Figure 1. Monoclonal antibody 17A12 detects an unknown protein (UP1) present only in M. avium subsp. paratuberculosis whole cell extracts. Shown are immunoblots of mycobacterial whole cell extracts exposed to MAbs. (A) The top blot was exposed to 17A12, which detects only the three MAP strains present in lanes 4, 9, and 11. The lower blot, labeled internal control, was exposed to MAb 4B6, which detects an unknown but highly conserved mycobacterial protein (Bannantine et al., 2007b) and shows the relative amounts of protein loaded in each of those lanes. The mycobacterial whole cell antigen prep used is indicated. Abbreviations: M, M. avium subsp. silvaticum; M. scro, M. scrofulaceum; M. abs, M. abcessus; M. ap, M. avium subsp. paratuberculosis; M. aa, M. avium subsp. avium; M. intracel, M. intracellulare. (B) UP1 is not present in M. avium subsp. avium or M. avium subsp. hominissuis isolates. The control blot labeled MMP in each image was exposed to a MAb previously developed in our laboratory that binds to the major membrane protein, which is present in all MAC species (Bannantine et al., 2007a). The upper blots are loaded with M. avium subsp. avium isolates and the lower blots are loaded with M. avium subsp. hominissuis isolates not analyzed in (A) (see Table A1 in Appendix for these strains). (C) Quantitative densitometry was performed on several MAP strains and the M. avium subsp. hominissuis strain 104. The results are expressed as a percent of 17A12 divided by the internal control (MMP). Error bars indicate standard deviations of the means. Data are representative of three independent culture replicates and error bars are standard deviation of the mean.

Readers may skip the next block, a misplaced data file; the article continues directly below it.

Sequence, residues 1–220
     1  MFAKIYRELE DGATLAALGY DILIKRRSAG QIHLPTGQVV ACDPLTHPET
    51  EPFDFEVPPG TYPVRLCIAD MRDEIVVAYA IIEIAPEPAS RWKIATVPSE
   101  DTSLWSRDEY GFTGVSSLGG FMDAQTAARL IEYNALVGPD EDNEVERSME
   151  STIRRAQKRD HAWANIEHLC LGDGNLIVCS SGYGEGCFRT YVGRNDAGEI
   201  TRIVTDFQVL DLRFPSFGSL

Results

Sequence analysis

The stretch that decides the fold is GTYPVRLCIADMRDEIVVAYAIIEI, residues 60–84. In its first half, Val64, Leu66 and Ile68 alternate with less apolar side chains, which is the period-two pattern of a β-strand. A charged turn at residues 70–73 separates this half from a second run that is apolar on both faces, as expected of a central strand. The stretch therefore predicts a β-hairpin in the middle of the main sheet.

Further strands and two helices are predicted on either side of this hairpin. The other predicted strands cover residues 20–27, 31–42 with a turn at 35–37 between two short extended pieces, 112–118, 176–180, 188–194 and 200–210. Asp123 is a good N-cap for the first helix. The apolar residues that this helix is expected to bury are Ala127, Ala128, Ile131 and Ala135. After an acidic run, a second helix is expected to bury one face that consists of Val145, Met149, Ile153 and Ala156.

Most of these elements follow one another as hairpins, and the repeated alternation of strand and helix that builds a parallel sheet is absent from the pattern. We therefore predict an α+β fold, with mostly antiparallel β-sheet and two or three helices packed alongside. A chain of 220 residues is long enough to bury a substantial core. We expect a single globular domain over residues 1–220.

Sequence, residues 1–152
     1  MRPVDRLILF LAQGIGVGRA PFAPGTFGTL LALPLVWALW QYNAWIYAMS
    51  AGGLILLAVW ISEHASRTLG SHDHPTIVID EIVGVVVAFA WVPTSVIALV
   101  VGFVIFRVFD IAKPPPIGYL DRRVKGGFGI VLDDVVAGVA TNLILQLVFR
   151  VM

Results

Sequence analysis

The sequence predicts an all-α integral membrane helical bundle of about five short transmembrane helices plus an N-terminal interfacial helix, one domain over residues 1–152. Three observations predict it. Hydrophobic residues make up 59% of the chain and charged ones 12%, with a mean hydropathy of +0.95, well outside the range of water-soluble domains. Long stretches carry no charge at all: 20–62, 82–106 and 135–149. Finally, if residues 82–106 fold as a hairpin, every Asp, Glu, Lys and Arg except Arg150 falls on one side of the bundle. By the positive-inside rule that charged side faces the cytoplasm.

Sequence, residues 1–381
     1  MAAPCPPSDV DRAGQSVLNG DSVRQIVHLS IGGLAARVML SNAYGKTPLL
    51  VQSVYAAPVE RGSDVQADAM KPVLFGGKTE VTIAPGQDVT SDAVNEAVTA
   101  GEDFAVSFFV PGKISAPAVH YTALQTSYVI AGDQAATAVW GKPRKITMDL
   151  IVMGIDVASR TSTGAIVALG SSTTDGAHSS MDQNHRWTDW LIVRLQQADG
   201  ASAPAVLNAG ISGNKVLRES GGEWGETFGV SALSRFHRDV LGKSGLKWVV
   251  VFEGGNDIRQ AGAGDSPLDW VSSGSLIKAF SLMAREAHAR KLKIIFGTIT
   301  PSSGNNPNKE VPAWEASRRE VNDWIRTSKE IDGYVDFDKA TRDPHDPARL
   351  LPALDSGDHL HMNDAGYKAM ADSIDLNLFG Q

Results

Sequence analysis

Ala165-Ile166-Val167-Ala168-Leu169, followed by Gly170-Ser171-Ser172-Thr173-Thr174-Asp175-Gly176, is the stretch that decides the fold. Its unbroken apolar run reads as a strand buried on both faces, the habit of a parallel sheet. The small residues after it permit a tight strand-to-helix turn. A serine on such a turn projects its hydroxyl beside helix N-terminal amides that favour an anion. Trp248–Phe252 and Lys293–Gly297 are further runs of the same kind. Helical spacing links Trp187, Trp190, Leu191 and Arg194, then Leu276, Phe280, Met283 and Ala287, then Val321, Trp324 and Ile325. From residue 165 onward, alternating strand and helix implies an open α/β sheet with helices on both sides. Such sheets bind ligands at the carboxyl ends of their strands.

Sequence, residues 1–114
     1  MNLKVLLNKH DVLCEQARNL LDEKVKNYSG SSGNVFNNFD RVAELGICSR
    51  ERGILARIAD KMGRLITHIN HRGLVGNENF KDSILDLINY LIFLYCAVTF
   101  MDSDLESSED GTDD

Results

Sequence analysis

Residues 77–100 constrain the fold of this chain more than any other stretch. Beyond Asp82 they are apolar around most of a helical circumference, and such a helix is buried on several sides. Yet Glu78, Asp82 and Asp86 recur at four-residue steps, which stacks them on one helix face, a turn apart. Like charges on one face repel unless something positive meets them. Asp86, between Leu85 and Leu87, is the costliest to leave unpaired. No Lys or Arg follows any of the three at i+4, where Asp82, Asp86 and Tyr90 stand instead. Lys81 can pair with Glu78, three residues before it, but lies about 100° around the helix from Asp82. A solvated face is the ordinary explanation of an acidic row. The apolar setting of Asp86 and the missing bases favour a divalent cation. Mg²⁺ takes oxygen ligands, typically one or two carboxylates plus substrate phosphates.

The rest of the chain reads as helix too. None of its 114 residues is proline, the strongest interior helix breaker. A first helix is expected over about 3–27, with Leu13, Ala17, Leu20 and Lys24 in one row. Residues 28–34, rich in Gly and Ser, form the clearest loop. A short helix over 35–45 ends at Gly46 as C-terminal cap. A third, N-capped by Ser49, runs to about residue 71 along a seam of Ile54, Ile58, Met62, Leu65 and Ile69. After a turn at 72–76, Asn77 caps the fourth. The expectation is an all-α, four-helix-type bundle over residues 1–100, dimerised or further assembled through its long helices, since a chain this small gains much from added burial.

The specificity of this antibody was a fantastic result considering the genetic similarity of these subspecies and was never observed with previously developed antibodies raised against MAP proteins (Leid et al., 2002; Bannantine et al., 2007a,b; Malamo et al., 2007). Therefore, additional isolates of M. avium subsp. hominissuis and M. avium subsp. avium were collected and analyzed including an isolate from endangered pygmy rabbits in the Columbia basin (Harrenstien et al., 2006). None of those isolates produced any protein target detected by the MAb (Figure 1B). When more extensive analysis of additional MAP isolates from different hosts were analyzed, the variable reactivity was confirmed by densitometry analysis (Figure 1C). This variability did not depend on the total protein as antibody to the major membrane protein (MMP) encoded by MAP2121c was used to normalize protein loaded. The results further show that MAb 17A12 detection levels of the target protein from ovine strains were lower compared to bovine strains (P < 0.0003). This strain-to-strain difference was reproducible and is either a result of epitope changes or level of protein expression. To distinguish between these possibilities, the target protein as well as the reactive epitope must first be identified.